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With a crank and a jump

I REMEMBER when I first got my driver's license. That was many, too many, summers ago in my home-town, Los Angeles. Getting a driver's license is an ``event'' in the life of a teen-ager; something like a bar mitzvah or a debutante's coming-out party. It projects the teen-ager from a world of irresponsibility into one of responsibility. I hope. I'm reminded of the importance of all this because I have a bevy of teen-age grandchildren who have been getting their licenses. They have been attending driver-training classes, taking tests, running down birth certificates, and generally creating chaos among their families; among their grandparents, too.

In Los Angeles, I prepared for my driver's license in somewhat different fashion. During the summer before my 16th birthday, I amassed a fortune of $20. I invested this magnificent sum in a Model T Ford that had been sitting in semi-retirement in a neighbor's back-yard. It was somewhat inelegant, as it had no rear fenders, no top, a rusty paint job, and was adorned with cobwebs and dust, but when I paid the $20, it was mine. All mine.

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I should emphasize that this was a Model T; not the later Model A. The Model A was quite a car, whereas the Model T was not quite a car. It's the ``tin lizzie'' that Ford put out for years on end. There was no need for a designer. They were all the same. Over a 10-year span of production all parts were interchangeable. This was my good fortune, for after a few trips to the wrecking yard and the Western Auto store, I had my vehicle whipped into operating shape.

Although all Model T's were basically the same, they all seemed to have individual eccentricities. One thing was certain though: They kicked furiously when being cranked, which caused would-be crankers to approach this starting mechanism very carefully. Also, it was virtually impossible to keep a Model T in neutral, so after cranking it, the operator sometimes had to dodge to avoid being run down.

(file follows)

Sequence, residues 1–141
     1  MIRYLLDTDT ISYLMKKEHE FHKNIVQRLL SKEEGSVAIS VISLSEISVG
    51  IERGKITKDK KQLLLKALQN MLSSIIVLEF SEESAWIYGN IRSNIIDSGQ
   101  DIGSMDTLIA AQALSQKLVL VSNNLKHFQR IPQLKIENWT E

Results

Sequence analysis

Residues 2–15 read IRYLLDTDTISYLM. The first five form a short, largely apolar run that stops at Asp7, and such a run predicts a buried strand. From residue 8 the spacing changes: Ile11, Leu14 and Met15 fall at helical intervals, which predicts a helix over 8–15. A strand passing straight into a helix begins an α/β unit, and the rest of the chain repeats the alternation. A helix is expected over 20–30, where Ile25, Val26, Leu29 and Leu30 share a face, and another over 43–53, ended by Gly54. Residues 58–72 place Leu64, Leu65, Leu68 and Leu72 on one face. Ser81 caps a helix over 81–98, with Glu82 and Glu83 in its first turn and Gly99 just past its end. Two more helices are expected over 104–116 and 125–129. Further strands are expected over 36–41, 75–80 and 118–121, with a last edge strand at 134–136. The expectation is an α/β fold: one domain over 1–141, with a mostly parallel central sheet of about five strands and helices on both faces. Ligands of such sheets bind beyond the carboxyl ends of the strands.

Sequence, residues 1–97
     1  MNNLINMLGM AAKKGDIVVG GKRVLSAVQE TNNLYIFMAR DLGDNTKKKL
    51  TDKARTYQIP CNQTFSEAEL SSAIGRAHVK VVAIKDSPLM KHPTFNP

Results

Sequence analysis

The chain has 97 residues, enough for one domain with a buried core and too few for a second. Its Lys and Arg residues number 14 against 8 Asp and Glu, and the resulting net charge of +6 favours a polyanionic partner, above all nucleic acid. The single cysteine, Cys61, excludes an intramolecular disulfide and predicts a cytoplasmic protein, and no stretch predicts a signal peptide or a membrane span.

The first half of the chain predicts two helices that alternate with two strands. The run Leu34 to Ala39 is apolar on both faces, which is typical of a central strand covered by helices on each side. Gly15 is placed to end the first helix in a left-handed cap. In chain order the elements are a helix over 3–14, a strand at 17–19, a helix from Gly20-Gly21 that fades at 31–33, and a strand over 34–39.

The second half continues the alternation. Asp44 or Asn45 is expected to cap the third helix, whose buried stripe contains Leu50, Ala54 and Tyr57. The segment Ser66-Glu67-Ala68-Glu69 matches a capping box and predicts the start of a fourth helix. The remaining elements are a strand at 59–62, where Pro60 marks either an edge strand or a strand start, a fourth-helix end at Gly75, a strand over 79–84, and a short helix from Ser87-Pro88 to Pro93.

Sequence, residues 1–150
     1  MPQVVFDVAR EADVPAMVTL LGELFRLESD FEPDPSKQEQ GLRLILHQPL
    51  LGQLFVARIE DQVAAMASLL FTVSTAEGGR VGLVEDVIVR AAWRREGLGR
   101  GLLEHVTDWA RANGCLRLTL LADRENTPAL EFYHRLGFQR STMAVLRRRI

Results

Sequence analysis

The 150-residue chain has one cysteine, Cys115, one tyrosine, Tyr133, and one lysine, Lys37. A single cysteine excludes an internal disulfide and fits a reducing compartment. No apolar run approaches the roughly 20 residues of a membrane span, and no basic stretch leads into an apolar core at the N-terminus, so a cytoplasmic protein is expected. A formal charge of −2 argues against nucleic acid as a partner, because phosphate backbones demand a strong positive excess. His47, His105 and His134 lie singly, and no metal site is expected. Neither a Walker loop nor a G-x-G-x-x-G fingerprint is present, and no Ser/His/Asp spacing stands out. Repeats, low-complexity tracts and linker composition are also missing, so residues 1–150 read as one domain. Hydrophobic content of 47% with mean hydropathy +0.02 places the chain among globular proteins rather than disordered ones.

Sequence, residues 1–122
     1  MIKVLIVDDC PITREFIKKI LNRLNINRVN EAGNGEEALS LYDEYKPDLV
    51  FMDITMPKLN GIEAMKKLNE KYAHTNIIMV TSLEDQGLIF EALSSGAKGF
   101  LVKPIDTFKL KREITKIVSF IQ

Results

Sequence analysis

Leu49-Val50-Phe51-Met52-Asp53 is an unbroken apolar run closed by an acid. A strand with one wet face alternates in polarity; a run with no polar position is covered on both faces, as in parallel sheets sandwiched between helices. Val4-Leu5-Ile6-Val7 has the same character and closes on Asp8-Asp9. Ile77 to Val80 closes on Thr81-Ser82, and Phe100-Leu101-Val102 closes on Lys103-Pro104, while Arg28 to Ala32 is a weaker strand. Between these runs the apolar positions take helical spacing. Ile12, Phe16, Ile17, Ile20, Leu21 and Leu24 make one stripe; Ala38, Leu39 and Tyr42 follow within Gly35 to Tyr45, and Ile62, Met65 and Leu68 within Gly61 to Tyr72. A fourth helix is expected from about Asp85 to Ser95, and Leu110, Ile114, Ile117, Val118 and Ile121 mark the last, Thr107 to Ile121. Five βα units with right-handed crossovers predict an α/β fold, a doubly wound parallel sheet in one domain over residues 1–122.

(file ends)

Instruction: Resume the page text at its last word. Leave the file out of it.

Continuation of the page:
The most interesting part of the design, though, was the absence of a door on the driver's side. Ford made a raised bead on the side of the body simulating a door, but no door. So after the operator had risked his life cranking, then jumping aside, he had to vault over the side, behind the wheel, and then man the controls. This was a job made for a teen-ager, no doubt.

The summer waxed and waned, and I took trial trips in my vehicle around and about the local area. My driver training was in the hands of a few older friends who had already gained their licenses. We studied the niceties of start, stop, and watch the corners. We also burnished up a few hand signals.

In the meantime, I had discovered an eccentric tendency in my car. It would start missing at embarrassing times. One cylinder would cut out, and the whole motor would start jerking and throbbing.

I discovered it was the third cylinder by taking a hammer and holding the head to the spark plug and then grounding it on the motor head. Whenever the missing occurred, I simply pulled to the side of the road, took out the spark plug, and cleaned it, and I would soon be on the road again.

So, after my neighborhood course in basic mechanics and driver training, and after my 16th birthday, I toured into downtown Los Angeles to get my license. It was a warm Saturday morning in September, and the Department of Motor Vehicles was in the center of town at Tenth and Flower streets. I parked at the curb in front of the building, went in and took the written test, and was ushered back out by an official to take the driving test.

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He looked a little startled when he saw what he was going to have to ride in, but he has game. However, he didn't offer to get into the car until I had started it.

I set the spark and gas feed and marched bravely to the front and started cranking. Nothing happened. I cranked again. Nothing. I pulled out the choke and cranked again. Still nothing. Whereas I had been sweating from nervousness before, now I was sweating from exercise. The clock had run down from 10 to 12 to about 2 minutes to 12 when I finally admitted defeat.

``It won't start till I clean the plugs,'' I told the examiner.

He smiled and nodded. Apparently he knew Model T's. Then wonder of wonders, he said I wouldn't be here if I didn't know how to drive, so he gave me my license after all, and went in and closed the office.

I was left out on Flower Street with the hood up cleaning a spark plug. It was the third cylinder all right.

Then, with the first turn of the crank, the motor started, and I trundled off around the corner in a cloud of smoke and up Figueroa Street. At Seventh, I got stopped by a traffic signal. In those days the signals were little arms. The red one said ``Stop'' and the white one said ``Go.'' Obviously, they worked oppositely. There was a slight uphill incline at this corner, and when the white showed and I started to go, I killed the engine. I started to climb over the side to man the crank when a policeman standing on the corner signaled me to stay. He marched over, gave the crank a jerk, and the motor took off with a healthy roar. My rescuer smiled and waved me on my way.

Getting my driver's license was an ``event'' all right, but what I remember is the kindliness of the examiner and the policeman who were so pleasantly patient with a 16-year-old who was having trouble with his Model T.

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